Market Data, prices at which even the largest oil companies
struggle to turn a profit, analysts say.
While major stock indexes have recovered from April, when they
fell to their lowest levels in years, oil and gas stocks have
continued to lag despite the slight rebound in commodity
Many of the world's largest energy companies, including Exxon
and Chevron, have for years used an integrated business model,
which has historically allowed them to weather most market
By owning oil and gas wells, along with the downstream plants to
manufacture refined products like gasoline and chemicals, the
companies were long able to capitalize in one sector of their
business, regardless of whether oil prices were high or low.
But that model has failed to deliver strong returns for most of
the past decade, as the world has faced a glut of fossil fuels
triggered in part by America's fracking boom, and it isn't
protecting the companies now, according to Evercore ISI analyst
"A broad-based reassessment of the capital-management programs
at the big oils is required at this point," Mr. Terreson said.
Oil companies have been forced to take dramatic action to shore
up their finances in recent months, including cutting tens of
billions of dollars from their budgets and laying off thousands of
Exxon, which had previously disclosed a 30% cut to capital
expenditures in 2020, said on Friday it has "identified significant
potential for additional reductions" and said capital spending in
2021 will be lower than this year's spending.
Its steepest cuts have been to U.S. shale drilling, particularly
in the Permian Basin, the most active U.S. oil field, where it
removed half of its drilling rigs and will cut half of the
remaining 30 rigs by the end of year. Chevron is operating just
four rigs in the Permian and said production there would decline
around 7% this year.
Shell in April cut its dividend for the first time since World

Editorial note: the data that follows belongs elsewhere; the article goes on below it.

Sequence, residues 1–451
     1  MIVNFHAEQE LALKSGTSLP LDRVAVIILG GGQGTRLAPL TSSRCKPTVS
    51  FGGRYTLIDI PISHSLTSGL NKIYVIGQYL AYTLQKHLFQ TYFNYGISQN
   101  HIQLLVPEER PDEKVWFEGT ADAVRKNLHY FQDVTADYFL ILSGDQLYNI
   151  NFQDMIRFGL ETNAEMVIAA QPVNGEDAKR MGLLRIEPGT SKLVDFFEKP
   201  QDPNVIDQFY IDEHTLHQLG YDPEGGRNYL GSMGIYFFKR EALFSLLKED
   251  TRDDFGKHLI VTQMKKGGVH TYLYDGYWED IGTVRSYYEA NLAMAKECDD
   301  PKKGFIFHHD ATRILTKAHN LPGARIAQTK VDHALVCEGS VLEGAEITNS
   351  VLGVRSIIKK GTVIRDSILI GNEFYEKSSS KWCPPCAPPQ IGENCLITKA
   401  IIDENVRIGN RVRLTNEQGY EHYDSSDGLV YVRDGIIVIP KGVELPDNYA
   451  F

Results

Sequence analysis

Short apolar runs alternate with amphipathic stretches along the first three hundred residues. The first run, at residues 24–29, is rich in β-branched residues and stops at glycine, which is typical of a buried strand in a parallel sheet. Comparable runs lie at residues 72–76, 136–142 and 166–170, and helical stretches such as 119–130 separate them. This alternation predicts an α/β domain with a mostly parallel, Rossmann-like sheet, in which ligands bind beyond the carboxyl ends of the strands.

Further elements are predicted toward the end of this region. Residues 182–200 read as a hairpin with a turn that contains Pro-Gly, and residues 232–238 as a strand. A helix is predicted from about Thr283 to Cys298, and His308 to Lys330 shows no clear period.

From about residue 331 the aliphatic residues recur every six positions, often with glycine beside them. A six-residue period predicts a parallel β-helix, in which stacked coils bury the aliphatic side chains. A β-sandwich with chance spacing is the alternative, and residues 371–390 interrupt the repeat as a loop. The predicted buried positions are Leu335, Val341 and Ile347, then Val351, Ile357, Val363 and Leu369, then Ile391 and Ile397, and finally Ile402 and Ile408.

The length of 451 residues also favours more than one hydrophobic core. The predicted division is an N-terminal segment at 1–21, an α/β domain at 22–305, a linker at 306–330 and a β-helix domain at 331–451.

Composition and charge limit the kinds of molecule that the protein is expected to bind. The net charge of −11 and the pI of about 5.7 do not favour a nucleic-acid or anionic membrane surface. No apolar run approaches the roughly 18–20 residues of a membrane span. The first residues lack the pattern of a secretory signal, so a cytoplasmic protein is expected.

War II to avoid having to borrow to fund it. It reported a
second-quarter loss of $18.4 billion on Thursday, which included a
$16.8 billion write-down, while French giant Total posted an $8.4
billion loss including an $8.1 billion write-down. Both companies
report net income attributable to shareholders, a proxy for net
profits. BP reports Tuesday.
Excluding impairments, Shell and Total actually turned a profit
during the quarter as their trading units helped stave off even
Exxon and Chevron have promised they will maintain their
dividends, viewed by many investors as the most attractive part of
owning their stocks. Some analysts predict Exxon may be forced to
cut its dividend in 2021 if market conditions don't recover.
Exxon's dividend payments cost the company almost $15 billion a
year. The company's debt grew by $8.8 billion in the quarter,
according to Goldman Sach Group Inc., which said Exxon will need
oil prices around $75 per barrel in 2021 to cover its dividend
payments from cash flow. Exxon said Friday it wouldn't take on
Dan Pickering, chief investment officer of energy investment
firm Pickering Energy Partners LP, said the industry can survive at
$40 oil but needs significantly higher prices to thrive. According
to Mr. Pickering, who said he holds small positions in Exxon and
Chevron, oil companies will have to continue cost-cutting for the
"You've got to assume that this is the world we're going to be
in, Mr. Pickering said. "And, if this is the world we're going to
be in, the cost structure is too high."
--Dave Sebastian contributed to this article.
Write to Christopher M. Matthews at